Mississippi public schools see highest-yet chronic absenteeism
Published 3:36 pm Friday, February 3, 2023
The Mississippi Department of Education (MDE) has released the most recent school and district chronic absence data, which shows that 28% of Mississippi students were absent 18 days or more during the 2021-22 school year.
Chronic absenteeism is defined as missing 10% (18 days) of the school year for any reason, which includes excused and unexcused absences and suspensions. Chronic absence differs from Average Daily Attendance (ADA), which is the average number of enrolled students who attend school each day. A school’s ADA often masks issues surrounding the number of students who are chronically absent.
During the 2021-22 school year, 128,275 Mississippi public school students were chronically absent, which is an increase of 33,186 students from 2020-21. The rates increased steadily for all K-12 grades in 2021-22. The chronic absenteeism rate in K-5 elementary schools was highest for kindergarten at 28.4%. The chronic absenteeism rate in middle school was highest in grade 8 at 29.6% and highest in high school in grade 12 at 45.3%.
MDE began reporting chronic absence data in 2016, and the 28% overall rate is the highest to date. While it is important to identify and mitigate all factors that led to excessive absences, the COVID-19 pandemic did contribute to the increased statewide and national rates.
Chronically absent students are more likely to fall behind academically and less likely to graduate from high school. Addressing chronic absenteeism and developing good attendance habits will take the collective effort of schools, attendance officers, families and communities.
The MDE will relaunch a statewide attendance awareness campaign in June. The campaign is designed to challenge students and school districts to reduce individual absences to no more than five absences in a school year and was initially launched in September 2018. Mississippi’s campaign is part of a national movement to reduce chronic absenteeism. Before the pandemic, Mississippi’s chronic absenteeism rate fell to 13% in 2018-19.
“Higher than normal chronic absenteeism numbers are not unique to Mississippi following the pandemic,” said Dr. Robert Taylor, state superintendent of education. “Now more than ever, it is imperative that MDE and all educational stakeholders develop and implement strategies to get students back in school and on track to achieve academic and career success.”
The district with the lowest chronic absenteeism rate was Franklin County Schools, at 9.65%. The Amite and McComb School Districts were in the top 10 of highest chronic absenteeism rates, at 46.69% and 49.09%, respectively.
The Brookhaven School District was at 24.05% and the Lincoln County School District had a 19.47% rate.
Brookhaven Schools, 673 students chronically absent from 2,798 students (24.05%)
• Alexander Jr. High, 127/466 (27.25%)
• Brookhaven Elementary, 91/390 (23.33%)
• Brookhaven High, 229/817 (28.03%)
• Lipsey, 92/382 (24.08%)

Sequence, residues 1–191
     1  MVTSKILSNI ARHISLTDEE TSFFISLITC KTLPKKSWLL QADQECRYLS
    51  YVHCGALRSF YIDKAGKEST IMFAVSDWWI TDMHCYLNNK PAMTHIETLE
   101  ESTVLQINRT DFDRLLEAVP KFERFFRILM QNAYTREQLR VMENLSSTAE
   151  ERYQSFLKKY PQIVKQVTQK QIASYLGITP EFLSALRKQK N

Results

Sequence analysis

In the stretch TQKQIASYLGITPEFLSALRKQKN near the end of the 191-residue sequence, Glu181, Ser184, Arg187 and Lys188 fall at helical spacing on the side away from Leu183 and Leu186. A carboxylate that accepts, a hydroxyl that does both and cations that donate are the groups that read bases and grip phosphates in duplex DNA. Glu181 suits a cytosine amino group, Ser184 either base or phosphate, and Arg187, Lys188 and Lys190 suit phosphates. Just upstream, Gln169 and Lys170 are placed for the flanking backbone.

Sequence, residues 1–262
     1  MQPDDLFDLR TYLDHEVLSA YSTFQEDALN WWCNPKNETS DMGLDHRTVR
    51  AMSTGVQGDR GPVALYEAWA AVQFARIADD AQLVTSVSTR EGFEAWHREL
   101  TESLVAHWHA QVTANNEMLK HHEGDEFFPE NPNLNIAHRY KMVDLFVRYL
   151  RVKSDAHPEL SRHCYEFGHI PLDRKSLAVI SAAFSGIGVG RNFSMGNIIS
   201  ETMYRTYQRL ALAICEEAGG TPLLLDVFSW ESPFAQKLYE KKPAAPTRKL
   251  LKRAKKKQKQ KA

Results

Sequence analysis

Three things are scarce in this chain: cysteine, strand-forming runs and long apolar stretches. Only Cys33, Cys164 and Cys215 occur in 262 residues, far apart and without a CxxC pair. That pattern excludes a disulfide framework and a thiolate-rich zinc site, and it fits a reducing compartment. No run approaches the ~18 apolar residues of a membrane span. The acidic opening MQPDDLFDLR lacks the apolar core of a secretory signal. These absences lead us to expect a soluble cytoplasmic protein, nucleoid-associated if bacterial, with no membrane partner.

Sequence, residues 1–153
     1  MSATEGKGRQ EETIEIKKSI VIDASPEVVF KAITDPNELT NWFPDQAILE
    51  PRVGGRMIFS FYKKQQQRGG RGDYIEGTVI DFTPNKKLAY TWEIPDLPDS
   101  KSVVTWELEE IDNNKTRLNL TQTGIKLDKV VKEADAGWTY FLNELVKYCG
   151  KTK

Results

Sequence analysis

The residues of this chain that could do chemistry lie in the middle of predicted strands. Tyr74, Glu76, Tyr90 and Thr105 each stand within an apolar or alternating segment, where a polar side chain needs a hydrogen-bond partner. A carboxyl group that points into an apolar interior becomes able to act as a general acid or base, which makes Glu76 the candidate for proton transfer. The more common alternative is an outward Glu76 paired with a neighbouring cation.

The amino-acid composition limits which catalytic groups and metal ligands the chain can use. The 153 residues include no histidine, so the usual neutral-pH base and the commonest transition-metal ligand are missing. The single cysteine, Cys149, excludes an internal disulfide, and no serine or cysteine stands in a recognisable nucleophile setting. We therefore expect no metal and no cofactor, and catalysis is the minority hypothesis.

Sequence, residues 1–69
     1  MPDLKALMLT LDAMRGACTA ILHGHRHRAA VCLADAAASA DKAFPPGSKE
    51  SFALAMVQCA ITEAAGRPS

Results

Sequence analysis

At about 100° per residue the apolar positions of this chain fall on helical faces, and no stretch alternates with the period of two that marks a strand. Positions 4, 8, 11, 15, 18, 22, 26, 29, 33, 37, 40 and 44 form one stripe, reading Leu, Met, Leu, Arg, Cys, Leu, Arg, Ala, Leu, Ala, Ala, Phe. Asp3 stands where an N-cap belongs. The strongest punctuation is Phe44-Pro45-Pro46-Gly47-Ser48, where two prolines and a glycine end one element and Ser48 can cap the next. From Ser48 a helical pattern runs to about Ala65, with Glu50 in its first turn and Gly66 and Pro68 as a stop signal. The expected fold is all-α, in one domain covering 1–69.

• Mamie Martin Elementary, 135/744 (18.15%)
Brookhaven Superintendent Rod Henderson said in the few years the state has measured chronic absenteeism, the city school district’s numbers have remained “about the same.”
“Those numbers can be reflective of the flu. We had a large number of kids out with the flu, and those numbers are still affected by COVID,” Henderson said. “Though it has been lower. It could be a lot better. I would like to see it under 20%, or really in single digits, if I had my way. But we have to set attainable goals.”
Henderson said the district has a three-pronged approach to address the issue.
“We meet with the students about the importance of everyday attendance, then speak with parents by phone and home visits via community liaison Keith Robinson.”
Henderson also visits parents, along with school principals, assistant principals and counselors.
“But at the end of the day, we have to have the cooperation of the parents, because we do have some situations where the parents are not placing an emphasis on the importance of being there. That child needs to be there. I also put out memos to our parents and how it affects us attendance-wise and how it affects the child intellectually, etc., so we’re pretty aggressive with it.”
State only began looking at CA around 2016, so we’re about the same, though it has been lower. It could be a lot better. I would like to see it under 20%, but in single digits if I had my way, have to set goals in order to attain.
Lincoln, 569/2,923 (19.47%)
• Bogue Chitto, 164/730 (22.47%)
• Enterprise, 158/755 (20.93%)
• Loyd Star, 185/800 (23.13%)
• West Lincoln, 74/665 (11.13%)
David Martin is superintendent of Lincoln County School District. Recent bouts of flu and COVID have made a big difference in keeping students out of school, he said, agreeing with Henderson.
“Some kids had five days or more off at one time,” Martin said. “It obviously disrupts instruction. And you can’t stop classes for everyone else so it makes it a struggle to catch that student up.”
Martin said the district has offered small incentives to encourage attendance, like field trips, extra snacks, more time at breaks or other rewards.
“That has worked some,” he said. “For the past two years, we did not have an attendance officer assigned to us. Those are assigned by MDE. We did fill that position in January, so we hope that will help.”
But Martin sees the biggest factor to improve attendance as routine.
“Just getting people back in the routine of coming to school and staying the whole day,” he said. “Yes, you can afford to miss a little time here and there, but over time it adds up.”
To see Mississippi’s full 2021-22 report, go to mdek12.org/OPR/Reporting/Reports.